Quadrantid Meteor Shower is predicted to peak at around 08:20 UTC on January 4, 2020, favoring observers in North America. The first-quarter moon will set shortly after midnight, leaving fairly dark skies for what could be, weather permitting, a good show this year. Normally, this shower produces up to 40 meteors per hour, with up to 100 on occasions.
Although Quadrantids are fainter and easier to miss than Geminids or Orionids, this is a major meteor shower, capable of producing amazing fireballs with long tails if the skies are dark enough.
Quadrantids are very difficult to observe due to short-lived peak (4 - 6 hours) and are easily missed if the observer is located outside of the main observing window or just a few hours of poor weather, the International Meteor Organization noted in their 2020 Meteor Shower Calendar.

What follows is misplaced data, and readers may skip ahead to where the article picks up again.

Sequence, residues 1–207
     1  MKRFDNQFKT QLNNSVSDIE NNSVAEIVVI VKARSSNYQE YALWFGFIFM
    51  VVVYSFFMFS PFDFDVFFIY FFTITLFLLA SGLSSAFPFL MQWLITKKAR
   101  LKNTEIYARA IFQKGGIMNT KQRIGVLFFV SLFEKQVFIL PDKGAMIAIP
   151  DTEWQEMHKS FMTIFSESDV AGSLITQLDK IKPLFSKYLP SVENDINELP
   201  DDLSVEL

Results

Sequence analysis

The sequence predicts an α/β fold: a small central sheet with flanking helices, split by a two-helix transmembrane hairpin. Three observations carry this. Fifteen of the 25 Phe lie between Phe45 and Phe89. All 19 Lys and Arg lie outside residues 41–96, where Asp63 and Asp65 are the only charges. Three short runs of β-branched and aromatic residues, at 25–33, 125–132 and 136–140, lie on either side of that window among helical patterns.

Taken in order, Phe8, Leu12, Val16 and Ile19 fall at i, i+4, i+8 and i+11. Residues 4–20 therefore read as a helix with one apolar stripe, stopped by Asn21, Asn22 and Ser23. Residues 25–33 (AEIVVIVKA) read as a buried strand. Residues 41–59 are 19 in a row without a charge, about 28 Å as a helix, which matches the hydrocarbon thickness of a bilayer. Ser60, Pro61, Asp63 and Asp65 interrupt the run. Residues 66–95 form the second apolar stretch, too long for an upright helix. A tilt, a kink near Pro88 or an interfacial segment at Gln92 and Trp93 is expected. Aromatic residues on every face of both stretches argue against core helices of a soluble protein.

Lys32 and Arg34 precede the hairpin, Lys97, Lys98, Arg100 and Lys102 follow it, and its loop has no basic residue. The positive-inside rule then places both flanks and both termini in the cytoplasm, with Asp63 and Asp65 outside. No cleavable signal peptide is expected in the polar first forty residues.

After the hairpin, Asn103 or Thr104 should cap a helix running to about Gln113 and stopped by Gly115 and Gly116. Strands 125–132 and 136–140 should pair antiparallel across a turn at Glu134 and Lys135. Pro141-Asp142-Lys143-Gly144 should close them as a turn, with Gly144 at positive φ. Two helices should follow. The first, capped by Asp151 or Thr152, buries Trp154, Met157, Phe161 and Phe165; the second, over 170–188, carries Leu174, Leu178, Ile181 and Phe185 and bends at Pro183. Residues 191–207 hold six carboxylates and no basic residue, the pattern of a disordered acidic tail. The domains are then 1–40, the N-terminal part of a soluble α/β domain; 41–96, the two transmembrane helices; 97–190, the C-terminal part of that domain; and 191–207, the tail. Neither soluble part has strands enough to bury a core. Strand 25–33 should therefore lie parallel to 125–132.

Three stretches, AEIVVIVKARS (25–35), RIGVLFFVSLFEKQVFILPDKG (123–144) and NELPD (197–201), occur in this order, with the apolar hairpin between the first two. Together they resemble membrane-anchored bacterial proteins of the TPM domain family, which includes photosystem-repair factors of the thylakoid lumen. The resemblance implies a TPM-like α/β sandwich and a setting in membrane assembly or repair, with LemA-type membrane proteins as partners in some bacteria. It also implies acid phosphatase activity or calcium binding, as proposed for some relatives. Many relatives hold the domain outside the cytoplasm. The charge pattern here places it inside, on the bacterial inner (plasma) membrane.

Additional complexity comes from the mass-sorting of particles across the meteoroid stream which is related to the minor planet 2003 EH1 and to comet 96P/Machholz.
According to IMO, the shower is expected to peak near 08:20 UTC (03:20 EST, 02:20 CST, 01:20 MST, 12:20 PST).
Depending on the observer’s latitude, the radiant attains a useful elevation around or after local midnight and culminates close to dawn.
The estimated peak timing is favorable for the western Atlantic region and eastern North America, AMS' Robert Lunsford said.
In western North America the radiant will be low in the northeastern sky and rates will be reduced. All potential observers in North America should start viewing an hour before these times just in case the peak occurs early.
European observers should expect a continuous increase of the rates into dawn.
Luckily the 60% illuminated waxing moon will set near 01:00 local standard time and will not be a factor except near the west coast of North America.
Due to the high northerly declination (celestial latitude) these meteors are not well seen from the southern hemisphere.
The shower is thought to be produced by dust grains left behind by an extinct comet known as 2003 EH1, which was discovered in 2003.
Meteors from this shower were first noted in 1825.
Featured image credit: Donovan Shortey